As more and more consumers stay home and shop on the web, it’s more important than ever for ecommerce businesses to tighten up their online security.
The COVID-19 pandemic has been devastating for a lot of businesses, but the ecommerce industry is experiencing an unexpected boom. Consider that 2020 online sales in the UK are expected to grow by more than twice their original projections—19% instead of 11%. For the months of November and December, the year-over-year difference could be as high as 63%. Sales could reach £78.9 billion once the holidays are said and done.
How Cyber Threats Are Exploiting the Ecommerce Boom
As ecommerce sales reach an all-time high, hackers are also working overtime to collect their piece of the pie. A staggering 4.1 billion online records were exposed in the first half of 2019, according to research by Forter, and thieves are gaining access to this information in a number of ways. For instance:
- By exploiting vulnerabilities in payment gateways
- By hacking into ecommerce websites to obtain customer information
- By using stolen credit card numbers
- By initiating fraudulent chargebacks
Some of the world’s biggest enterprises are being targeted. Earlier this year, for example, Barnes & Noble sent a notice to customers indicating that sensitive data had been compromised in a cyber-attack. Although no financial data was leaked, customers’ addresses and phone numbers were stolen.
How to Keep Your Online Store Secure
In this thriving ecommerce market, your business is more likely than ever to be the target of fraud. The most important thing you can do is to ensure that your business website is 100% PCI-compliant. The Payment Card Industry Data Security Standard (PCI DSS) is a collection of 12 requirements that ecommerce businesses must follow in the interest of protecting customer data.
There are 12 requirements for PCI compliance:
- All credit card data must be protected by a secure firewall.
- All passwords must be unique and secure.
- All customer data must be secured.
- All transmitted payment data must be encrypted.
- Your website must have up-to-date antivirus software
- Your systems and applications must be secure.
- Customer data must only be accessible to users who require it.
- Each user with access to your website must have a unique ID.
- Physical access to customer data must be restricted.
- Access to customer data needs to be tracked and monitored.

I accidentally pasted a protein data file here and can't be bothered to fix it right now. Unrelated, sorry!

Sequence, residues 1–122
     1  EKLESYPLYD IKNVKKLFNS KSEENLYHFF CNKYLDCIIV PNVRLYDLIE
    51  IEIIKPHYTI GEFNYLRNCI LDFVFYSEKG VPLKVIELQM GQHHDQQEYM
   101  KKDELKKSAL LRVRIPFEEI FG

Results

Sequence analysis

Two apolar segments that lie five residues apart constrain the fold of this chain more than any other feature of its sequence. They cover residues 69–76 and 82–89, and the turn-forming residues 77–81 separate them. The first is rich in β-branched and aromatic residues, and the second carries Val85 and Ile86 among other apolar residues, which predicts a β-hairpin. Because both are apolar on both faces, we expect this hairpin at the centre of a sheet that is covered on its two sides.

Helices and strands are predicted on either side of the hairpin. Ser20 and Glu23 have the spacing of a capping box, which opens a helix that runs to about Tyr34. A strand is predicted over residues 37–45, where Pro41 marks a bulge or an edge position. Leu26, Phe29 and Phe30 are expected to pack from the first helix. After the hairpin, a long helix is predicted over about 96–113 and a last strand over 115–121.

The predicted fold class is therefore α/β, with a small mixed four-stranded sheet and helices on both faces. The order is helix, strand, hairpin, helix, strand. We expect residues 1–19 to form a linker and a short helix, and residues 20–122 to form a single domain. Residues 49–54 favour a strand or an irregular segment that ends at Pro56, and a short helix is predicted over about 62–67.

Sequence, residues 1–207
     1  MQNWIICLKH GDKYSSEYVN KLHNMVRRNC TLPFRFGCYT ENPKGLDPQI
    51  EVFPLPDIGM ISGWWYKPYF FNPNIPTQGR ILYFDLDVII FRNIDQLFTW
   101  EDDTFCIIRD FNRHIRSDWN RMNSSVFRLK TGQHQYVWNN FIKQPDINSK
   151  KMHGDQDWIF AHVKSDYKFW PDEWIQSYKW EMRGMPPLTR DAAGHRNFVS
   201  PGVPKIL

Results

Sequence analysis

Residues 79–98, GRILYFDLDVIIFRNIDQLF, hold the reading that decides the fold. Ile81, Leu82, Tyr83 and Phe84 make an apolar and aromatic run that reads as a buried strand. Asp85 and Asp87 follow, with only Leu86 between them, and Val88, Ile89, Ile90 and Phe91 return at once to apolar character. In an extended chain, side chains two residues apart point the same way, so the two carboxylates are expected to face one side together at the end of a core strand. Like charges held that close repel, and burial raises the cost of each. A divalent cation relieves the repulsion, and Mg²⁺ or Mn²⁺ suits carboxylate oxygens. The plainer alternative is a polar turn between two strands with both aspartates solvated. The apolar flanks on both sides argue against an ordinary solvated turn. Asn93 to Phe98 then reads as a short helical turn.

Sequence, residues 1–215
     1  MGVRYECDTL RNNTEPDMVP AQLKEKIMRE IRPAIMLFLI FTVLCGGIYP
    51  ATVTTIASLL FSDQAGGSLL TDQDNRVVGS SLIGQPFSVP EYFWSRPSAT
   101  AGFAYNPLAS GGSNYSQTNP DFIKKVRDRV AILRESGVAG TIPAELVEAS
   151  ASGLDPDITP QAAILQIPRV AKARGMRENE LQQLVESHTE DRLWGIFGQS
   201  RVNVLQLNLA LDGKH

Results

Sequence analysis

- Your online security must be tested on a regular basis.
- You must adopt an official information security policy for your business.
If you ensure that all of these compliance points are satisfied and regularly fine-tuned, you’ll go a long way toward preventing fraud. The most important thing is to work with a Level 1 PCI-compliant payment processor like QPay Europe. That alone will transfer much of the burden and ensure that your security is overseen by experts.
When looking for the right gateway, though, you must be vigilant about ecommerce and merchant account scams, which are rampant. Always research the provider, ensure that they’re a trusted name, and be wary of any provider that isn’t transparent about its fees or its encryption standards.
Finally, make sure to work with a payment processor that offers fraud-scrubbing tools. It’s not enough to simply protect your website. The most common ecommerce scams come in the form of friendly fraud, whereby a customer pays for and receives an item and then demands a refund from the bank (usually claiming that the item was damaged, not received, or not as advertised).
This kind of fraud costs businesses billions of pounds every year, and it can jeopardize your merchant services account. Many payment processors offer chargeback mitigation tools that flag potentially problematic transactions before they occur. Chargeback protection is well worth the investment.
As long as you’re diligent about cybersecurity, this ecommerce boom can be enormously beneficial for your business. Just don’t expect your store to protect itself.